February, sandwiched between winter and the onset of spring, is a month often spent indoors, planning holidays for the warmer days ahead. But there’s also lots to be explored out in the countryside.
From jewelled caves and prehistoric landscapes to bobbing jellyfish and a mighty fortress, we’ve come across some spectacular photography while putting together the February 2019 issue of BBC Countryfile Magazine. Celebrate the month ahead with a few of our favourite images.
Ardmeanach Peninsula, Inner Hebrides
Looking north across Loch Scridain to the towering basalt terraces of the Ardmeanach Peninsula. Encased at the foot of the 170m-high cliffs is the Fossil Tree ©Alamy
On the western coast of the Scottish island of Mull, beneath the brooding volcanic massif of mighty Ben More, lies one of the wildest environments in the British Isles. The Ardmeanach Peninsula is a six-mile stretch of headland known simply as ‘The Wilderness’. It’s a fitting description of this trackless terrain characterised by deserted beaches, sparse coastal undercliffs and stunted trees beneath stark basalt terraces.
Marble Arch Caves, County Fermanagh
Marble Arch Caves, Northern Ireland ©Alamy
The intricate passageways and stalactite-hung caverns of the Marble Arch Caves are just one of the geopark’s many features. Surrounding this subterranean world are drumlins and snaking rivers, upland blanket bog and the imposing 655m-high Cuilcagh Mountain.
Common frog, Norfolk
Common frog (Rana temporaria) and spawn in pond. West Runton, North Norfolk ©Alamy
Did you know? The earliest frogspawn recorded by Nature’s Calendar (which records seasonal events to keep track of climate change) was spotted on 1 November 2004. A mild February is a good month to check the garden pond to see if your local amphibians have been active, especially in the south-west of England.
The Trinnacle, Great Manchester
The Trinnacle is a unique three pronged Gritstone Tor on Saddleworth Moor in the Peak National park ©Getty
All along the Pennines the effect of ice is evident, not least at the hauntingly beautiful serrated edges at Wimberry Stones high above Dove Stone Reservoir. The line of stone edges strikes north as Dove Stone Rocks; splintered cliffs and gullies where ravens and peregrines scavenge and hunt above lakes secluded in the gouge of Greenfield Brook. Here at Raven Stones Brow, spectacular crags challenge climbers, none more so than the unique, three-pronged Trinnacle (pictured), a monolith that wouldn’t seem out of place in the iconic Monument Valley in Utah, USA.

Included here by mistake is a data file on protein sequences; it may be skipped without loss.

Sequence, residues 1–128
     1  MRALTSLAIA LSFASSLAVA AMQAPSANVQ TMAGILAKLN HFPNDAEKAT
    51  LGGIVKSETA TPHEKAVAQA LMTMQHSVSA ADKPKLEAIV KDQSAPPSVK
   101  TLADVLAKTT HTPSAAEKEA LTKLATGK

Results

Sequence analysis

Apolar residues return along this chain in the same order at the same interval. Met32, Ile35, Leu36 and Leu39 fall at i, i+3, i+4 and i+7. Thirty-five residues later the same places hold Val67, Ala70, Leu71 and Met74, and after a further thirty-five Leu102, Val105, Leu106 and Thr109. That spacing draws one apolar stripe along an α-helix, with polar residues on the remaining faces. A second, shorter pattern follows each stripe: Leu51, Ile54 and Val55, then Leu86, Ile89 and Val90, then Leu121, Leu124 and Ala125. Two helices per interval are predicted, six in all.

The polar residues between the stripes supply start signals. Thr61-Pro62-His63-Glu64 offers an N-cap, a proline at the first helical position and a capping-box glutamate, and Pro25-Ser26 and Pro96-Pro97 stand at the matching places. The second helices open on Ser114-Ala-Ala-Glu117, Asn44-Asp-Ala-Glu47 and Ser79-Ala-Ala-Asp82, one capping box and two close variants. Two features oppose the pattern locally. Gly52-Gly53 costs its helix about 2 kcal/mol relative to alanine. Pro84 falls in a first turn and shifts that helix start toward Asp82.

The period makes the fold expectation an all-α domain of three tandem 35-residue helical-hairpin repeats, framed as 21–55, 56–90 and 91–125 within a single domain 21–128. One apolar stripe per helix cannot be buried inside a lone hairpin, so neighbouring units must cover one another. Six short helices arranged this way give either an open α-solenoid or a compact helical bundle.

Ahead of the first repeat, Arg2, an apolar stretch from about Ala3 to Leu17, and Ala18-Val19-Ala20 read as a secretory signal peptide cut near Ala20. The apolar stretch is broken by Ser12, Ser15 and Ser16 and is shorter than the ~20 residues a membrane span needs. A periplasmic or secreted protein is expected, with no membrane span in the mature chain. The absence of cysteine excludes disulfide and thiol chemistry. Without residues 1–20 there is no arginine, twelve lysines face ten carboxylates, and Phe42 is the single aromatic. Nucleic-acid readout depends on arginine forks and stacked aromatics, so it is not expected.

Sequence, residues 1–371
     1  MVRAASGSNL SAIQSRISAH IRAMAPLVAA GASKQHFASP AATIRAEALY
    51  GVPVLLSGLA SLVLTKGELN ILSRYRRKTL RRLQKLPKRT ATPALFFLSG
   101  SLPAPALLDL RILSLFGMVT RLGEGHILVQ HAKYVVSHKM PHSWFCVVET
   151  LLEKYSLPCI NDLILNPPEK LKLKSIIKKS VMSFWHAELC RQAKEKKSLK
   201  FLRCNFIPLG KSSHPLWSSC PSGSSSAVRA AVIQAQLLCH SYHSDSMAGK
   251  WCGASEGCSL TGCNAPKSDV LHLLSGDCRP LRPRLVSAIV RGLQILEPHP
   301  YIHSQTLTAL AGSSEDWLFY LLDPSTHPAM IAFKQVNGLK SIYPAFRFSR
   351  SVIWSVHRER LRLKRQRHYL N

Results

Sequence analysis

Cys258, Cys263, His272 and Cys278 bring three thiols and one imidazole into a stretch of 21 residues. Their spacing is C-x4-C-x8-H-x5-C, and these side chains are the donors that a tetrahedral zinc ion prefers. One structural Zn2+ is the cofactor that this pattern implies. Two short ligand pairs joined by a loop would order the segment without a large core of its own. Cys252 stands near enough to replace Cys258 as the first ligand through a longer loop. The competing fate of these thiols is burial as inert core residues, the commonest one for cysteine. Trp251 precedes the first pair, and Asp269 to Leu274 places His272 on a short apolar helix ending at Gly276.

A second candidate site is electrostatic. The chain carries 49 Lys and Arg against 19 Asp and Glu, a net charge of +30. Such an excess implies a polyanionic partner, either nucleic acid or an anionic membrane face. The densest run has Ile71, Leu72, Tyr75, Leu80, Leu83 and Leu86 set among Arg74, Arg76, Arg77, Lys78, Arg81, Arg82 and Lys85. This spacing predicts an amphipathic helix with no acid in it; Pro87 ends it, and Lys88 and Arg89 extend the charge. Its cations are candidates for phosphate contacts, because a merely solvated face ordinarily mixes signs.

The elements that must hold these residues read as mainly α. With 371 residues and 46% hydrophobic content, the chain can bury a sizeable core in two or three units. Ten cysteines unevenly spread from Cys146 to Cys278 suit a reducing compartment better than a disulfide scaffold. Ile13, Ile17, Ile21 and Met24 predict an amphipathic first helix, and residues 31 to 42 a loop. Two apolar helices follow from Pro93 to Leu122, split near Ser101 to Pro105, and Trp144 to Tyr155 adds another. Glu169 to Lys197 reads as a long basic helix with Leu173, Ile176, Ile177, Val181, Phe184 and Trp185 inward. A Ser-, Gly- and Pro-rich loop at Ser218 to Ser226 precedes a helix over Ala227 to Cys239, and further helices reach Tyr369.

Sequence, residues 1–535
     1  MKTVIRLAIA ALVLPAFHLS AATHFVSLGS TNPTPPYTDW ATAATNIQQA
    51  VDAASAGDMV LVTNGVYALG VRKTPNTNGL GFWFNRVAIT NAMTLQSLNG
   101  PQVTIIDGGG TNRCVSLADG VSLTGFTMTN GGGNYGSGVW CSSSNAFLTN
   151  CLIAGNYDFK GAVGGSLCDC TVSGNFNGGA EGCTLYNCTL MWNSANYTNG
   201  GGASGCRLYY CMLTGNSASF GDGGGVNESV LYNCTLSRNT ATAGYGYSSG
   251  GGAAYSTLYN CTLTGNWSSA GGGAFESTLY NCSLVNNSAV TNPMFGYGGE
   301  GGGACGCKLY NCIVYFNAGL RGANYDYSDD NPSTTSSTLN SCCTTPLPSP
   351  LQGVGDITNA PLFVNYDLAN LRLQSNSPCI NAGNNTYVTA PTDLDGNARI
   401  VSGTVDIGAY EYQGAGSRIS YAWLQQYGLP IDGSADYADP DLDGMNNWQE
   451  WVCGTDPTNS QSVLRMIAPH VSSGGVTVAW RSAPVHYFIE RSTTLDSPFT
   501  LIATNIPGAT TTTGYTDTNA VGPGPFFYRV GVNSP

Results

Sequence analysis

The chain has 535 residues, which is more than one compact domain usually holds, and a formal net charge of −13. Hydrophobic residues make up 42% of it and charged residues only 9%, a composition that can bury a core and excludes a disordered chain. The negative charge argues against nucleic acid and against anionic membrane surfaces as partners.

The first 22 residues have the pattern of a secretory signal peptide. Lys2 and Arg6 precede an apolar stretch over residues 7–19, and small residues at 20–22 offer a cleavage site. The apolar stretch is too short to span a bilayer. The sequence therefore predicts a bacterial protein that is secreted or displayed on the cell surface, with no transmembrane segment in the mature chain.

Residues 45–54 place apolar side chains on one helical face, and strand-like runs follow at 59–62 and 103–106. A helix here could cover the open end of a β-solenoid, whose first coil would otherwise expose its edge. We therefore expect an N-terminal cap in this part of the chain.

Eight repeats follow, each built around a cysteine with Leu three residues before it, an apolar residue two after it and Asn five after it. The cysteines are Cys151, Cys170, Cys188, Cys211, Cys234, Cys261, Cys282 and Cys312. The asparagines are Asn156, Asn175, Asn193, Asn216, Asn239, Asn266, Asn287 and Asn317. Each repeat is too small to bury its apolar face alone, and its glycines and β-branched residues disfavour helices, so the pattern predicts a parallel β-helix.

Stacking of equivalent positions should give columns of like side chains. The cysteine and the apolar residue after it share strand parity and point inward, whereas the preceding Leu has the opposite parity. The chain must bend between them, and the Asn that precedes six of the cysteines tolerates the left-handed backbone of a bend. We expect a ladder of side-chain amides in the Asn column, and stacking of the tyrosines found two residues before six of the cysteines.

Dinosaur Footprints, Isle of Skye
Dinosaur footprints, Isle of Skye ©Alamy
The spectacular mountain scenery of Skye is associated with fossil-free basalt but, around
its coast there are tidal platforms of sedimentary rock where traces of the island’s Jurassic past have been found. At Staffin (pictured), Duntulm and Brother’s Point on the island’s north-eastern coast, clear imprints left by dinosaurs some 170 million years ago are revealed by the retreating tide.
Golitha Falls, Cornwall
Golitha Falls, Cornwall ©Justin Foulkes
We took at look at how to improve your health and fitness, while making new friends, by joining a walking group. Our guide on walking groups looks at the many benefits of walking with others and how to find and join a walking group in your local area.
St Mawes Castle, Cornwall
St Mawes Castel, Cornwall ©Getty
Like the town of Falmouth opposite, St Mawes is situated on the entrance of the Carrick Roads – historically and to this day an important shipping lane, and the third deepest natural harbour in the world. Henry VIII was keen to defend the Carrick Roads against the French and Spanish, and built two elaborate coastal forts – at St Mawes and Falmouth – to guard against invasion. The castle at St Mawes was developed less over the intervening centuries and so still retains many of its original features. It’s a fascinating place to visit, in sunshine or showers, and the views across the water, along the coastline and out into Falmouth Bay are breathtaking.
Roseland Peninsula, Cornwall
Carrick Roads, Roseland Peninsula, Cornwall ©Getty
A parcel of Cornish land, little more than a dozen miles long and only a few miles wide, lies remote between broad, languorous rivers and the sea. On the county’s south coast and often missed by holiday traffic heading west to Truro and beyond, the Roseland Peninsula is probably Cornwall’s best-kept secret.
Bournemouth Pier, Bournemouth
Bournemouth Pier at sunset ©Alamy
Bournemouth’s iconic pier has had many makeovers since it was first built in 1856, yo-yoing in length like the ebb and flow of the tide that surrounds it. Storm damage, corrosion and the threat of German invasion in World War Two were responsible for the half-dozen major structural revisions. Today, stretching out more than 300m into the English Channel, the pier is the best place in this seaside town to watch the winter sun sink, but wrap up warm and don’t forget your hat and gloves.
Barrel jellyfish, Cornwall
Barrel Jellyfish at Kynance Cove in Cornwall ©AlamyNot only are there seals, basking sharks, porpoises and dolphins in Cornwall, but also Portuguese man-of-war and barrel jellyfish (pictured). Barrel jellyfish can weigh up to 35kg and may look alarming but, thankfully, the its sting is harmless to humans.